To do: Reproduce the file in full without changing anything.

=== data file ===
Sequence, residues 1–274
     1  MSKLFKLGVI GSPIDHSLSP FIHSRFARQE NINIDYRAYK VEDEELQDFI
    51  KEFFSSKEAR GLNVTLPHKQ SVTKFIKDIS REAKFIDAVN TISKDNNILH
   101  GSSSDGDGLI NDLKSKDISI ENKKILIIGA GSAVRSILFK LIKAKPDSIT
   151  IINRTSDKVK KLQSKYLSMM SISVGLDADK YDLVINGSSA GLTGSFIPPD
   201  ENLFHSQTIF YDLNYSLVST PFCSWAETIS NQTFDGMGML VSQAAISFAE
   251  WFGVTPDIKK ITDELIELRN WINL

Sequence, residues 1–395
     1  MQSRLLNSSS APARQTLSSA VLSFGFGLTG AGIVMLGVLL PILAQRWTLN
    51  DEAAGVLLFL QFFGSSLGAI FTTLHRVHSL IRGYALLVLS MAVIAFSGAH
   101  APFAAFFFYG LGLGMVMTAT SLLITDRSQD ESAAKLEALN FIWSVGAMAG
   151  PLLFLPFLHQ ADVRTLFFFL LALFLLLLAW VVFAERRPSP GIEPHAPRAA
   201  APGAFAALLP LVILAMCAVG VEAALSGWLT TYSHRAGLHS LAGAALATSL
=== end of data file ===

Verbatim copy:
Sequence, residues 1–274
     1  MSKLFKLGVI GSPIDHSLSP FIHSRFARQE NINIDYRAYK VEDEELQDFI
    51  KEFFSSKEAR GLNVTLPHKQ SVTKFIKDIS REAKFIDAVN TISKDNNILH
   101  GSSSDGDGLI NDLKSKDISI ENKKILIIGA GSAVRSILFK LIKAKPDSIT
   151  IINRTSDKVK KLQSKYLSMM SISVGLDADK YDLVINGSSA GLTGSFIPPD
   201  ENLFHSQTIF YDLNYSLVST PFCSWAETIS NQTFDGMGML VSQAAISFAE
   251  WFGVTPDIKK ITDELIELRN WINL

Sequence, residues 1–395
     1  MQSRLLNSSS APARQTLSSA VLSFGFGLTG AGIVMLGVLL PILAQRWTLN
    51  DEAAGVLLFL QFFGSSLGAI FTTLHRVHSL IRGYALLVLS MAVIAFSGAH
   101  APFAAFFFYG LGLGMVMTAT SLLITDRSQD ESAAKLEALN FIWSVGAMAG
   151  PLLFLPFLHQ ADVRTLFFFL LALFLLLLAW VVFAERRPSP GIEPHAPRAA
   201  APGAFAALLP LVILAMCAVG VEAALSGWLT TYSHRAGLHS LAGAALATSL